There are two very interesting diaries on the rec list discussing the economic implications of the consumerist orgy that we're all ritually expected to participate in every December. One is by teacherken describing his moral conflict over the need to abandon consumerism and the economic costs such a stance would produce, which initiated Granny Doc's response which basically says "don't give into consumerism, if retailers collapse so be it." Both descriptions of the diaries are oversimplified and I'll try to deal with their complexity below.
But the reason I'm writing this diary is to point out why Granny Doc's approach is totally the wrong approach to the issue. It's not a matter of individual consumer behavior, but of collective policy choices. Political action, not individual choice, MUST be the answer. teacherken got at this, but it needs to be stated much more clearly.
As I reread teacherken's diary it seems very clear to me that Granny Doc has given his work a very superficial reading at best. That aside, Granny Doc's prescribed advice is best described as neo-Hooverism - or, "let them all lose their jobs and let God sort it out."
There will be a terrible shake out. People will lose their jobs, businesses will fail, and the Asian export market might suffer a blow out in as much as we are the major outlet for the stuff they produce.
But could the result be a more carefully structured economic system? A system of making things, of hiring people with skills, of paying for good products carefully made, and total rethinking of growth, with all of its unintended consequences?
If we are really serious about saving the planet, and changing our foot print on the globe, could we consider beginning with a major reduction in spending this Christmas? Not because we must, but because we should.
Some times a cure can only be found in radical surgery...
The more precise term for this is "creative destruction" - that in a severe recession the economic destruction that occurs opens the way for greater creativity and entrepreneurship. It's a right-wing fantasy of course, since the destruction is borne by far more people than can ever engage in the creative entrepreneurship.
Granny Doc's proposal is essentially the same as Herbert Hoover's. Hoover felt that the unfolding Great Depression was a necessary shaking out of a bad and flawed 1920s economic system, that by government standing back and letting the markets do its thing the nation would emerge stronger on the other side.
The problem of course was that the "shaking out" was causing widespread suffering. Hoover's treasury secretary, Andrew Mellon, famously advised the nation's leading businessmen to "Liquidate labor, liquidate stocks, liquidate farmers" as a response to the unfolding crisis.
Granny Doc must have an excellent amount of economic security to so easily and casually suggest that massive job losses are an acceptable price to pay to build a better and more sustainable economy. Her argument, that the market will recover naturally, is fundamentally right-wing and it offers nothing to the mass of Americans who are losing or who will lose their jobs.
That's not to say that we should shop to keep the economy afloat. And that's not what teacherken said:
So here's one possible solution to the moral conflict with which I began. Act as an individual in as moral a fashion as you can. Urge by your actions as well as your words that our government begin to take the lead to reshape our economy in ways that are less destructive - of environment, health, local economies, and human dignity. Recognize that we are facing economic dislocation and restructuring, and insist that ALL participate in the costs that will incur so that NO ONE suffers unfairly.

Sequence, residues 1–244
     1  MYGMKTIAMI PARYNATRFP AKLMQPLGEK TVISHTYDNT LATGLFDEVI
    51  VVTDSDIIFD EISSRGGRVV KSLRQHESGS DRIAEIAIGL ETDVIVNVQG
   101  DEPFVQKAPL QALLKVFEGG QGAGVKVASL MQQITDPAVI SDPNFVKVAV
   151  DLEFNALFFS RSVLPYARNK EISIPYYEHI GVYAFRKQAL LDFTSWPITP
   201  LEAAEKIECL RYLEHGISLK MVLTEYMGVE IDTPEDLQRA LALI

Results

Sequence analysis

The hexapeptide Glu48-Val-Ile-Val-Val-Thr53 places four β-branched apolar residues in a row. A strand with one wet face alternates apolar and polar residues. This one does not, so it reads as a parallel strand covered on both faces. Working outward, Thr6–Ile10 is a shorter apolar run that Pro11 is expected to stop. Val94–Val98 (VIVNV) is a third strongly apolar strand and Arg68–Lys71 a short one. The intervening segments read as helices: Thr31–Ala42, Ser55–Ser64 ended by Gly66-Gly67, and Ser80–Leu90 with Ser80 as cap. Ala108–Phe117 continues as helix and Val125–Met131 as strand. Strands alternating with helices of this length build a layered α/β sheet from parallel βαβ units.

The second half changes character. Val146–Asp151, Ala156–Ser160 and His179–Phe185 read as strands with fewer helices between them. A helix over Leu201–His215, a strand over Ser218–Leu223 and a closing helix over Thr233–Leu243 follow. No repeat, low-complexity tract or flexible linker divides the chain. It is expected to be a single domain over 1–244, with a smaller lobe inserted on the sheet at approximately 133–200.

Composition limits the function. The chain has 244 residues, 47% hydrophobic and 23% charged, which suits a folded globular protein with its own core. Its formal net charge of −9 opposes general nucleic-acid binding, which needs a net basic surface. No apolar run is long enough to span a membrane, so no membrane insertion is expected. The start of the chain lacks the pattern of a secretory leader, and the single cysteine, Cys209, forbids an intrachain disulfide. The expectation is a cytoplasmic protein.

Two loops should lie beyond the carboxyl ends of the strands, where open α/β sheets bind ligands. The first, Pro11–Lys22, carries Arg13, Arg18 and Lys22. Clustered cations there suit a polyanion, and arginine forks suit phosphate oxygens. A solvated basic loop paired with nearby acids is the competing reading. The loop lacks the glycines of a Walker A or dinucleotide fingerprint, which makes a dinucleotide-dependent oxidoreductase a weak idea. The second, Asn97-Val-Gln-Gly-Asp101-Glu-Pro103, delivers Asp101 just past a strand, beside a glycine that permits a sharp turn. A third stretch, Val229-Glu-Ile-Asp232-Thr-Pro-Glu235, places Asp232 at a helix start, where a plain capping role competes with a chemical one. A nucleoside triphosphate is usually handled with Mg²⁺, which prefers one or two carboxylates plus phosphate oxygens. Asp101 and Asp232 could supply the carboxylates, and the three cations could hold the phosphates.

My only criticism of teacherken's diary is that this point wasn't given greater emphasis.
This isn't about individual moral choices. It's about collective choices, about collective goals. teacherken has precisely the right idea here when he says government must be at the center of this. It's only government, government alone, that can produce the kind of change we need.
Sure, individual choices can help. But those choices do not happen in a vaccuum. Government needs to provide a much stronger safety net, needs to provide universal health care and housing and money to live on when millions are fired from their jobs by the profit-greedy. Government needs to provide job retraining and education funding and promote green, sustainable jobs. Government needs to rewrite the rules of the game in food policy, retail policy, labor union policy, trade policy, to produce the more prosperous and sustainable economy we so desperately need.
So the primary thing you must do this holiday season is get politically active. We have a golden opportunity in 2009 to produce a better economic future for ourselves and for our country, but it's not going to happen unless we organize to make it happen. Reject Granny Doc's neo-Hooverism - instead embrace the spirit of the New Deal. A spirit that understood we're all in this together, that without a robust governmental response we're all doomed.
Finally, I would just like to say that if you do decide to spend for the holidays, SPEND THAT MONEY AT LOCALLY OWNED BUSINESSES - there's no good reason for you to shop at a chain store. I've been spending 2008 trying to wean myself off of Target and some of the other big chains. It's not difficult since their products have become unimaginably crappy, and the money that you spend at a locally owned store puts more money back into the local economy.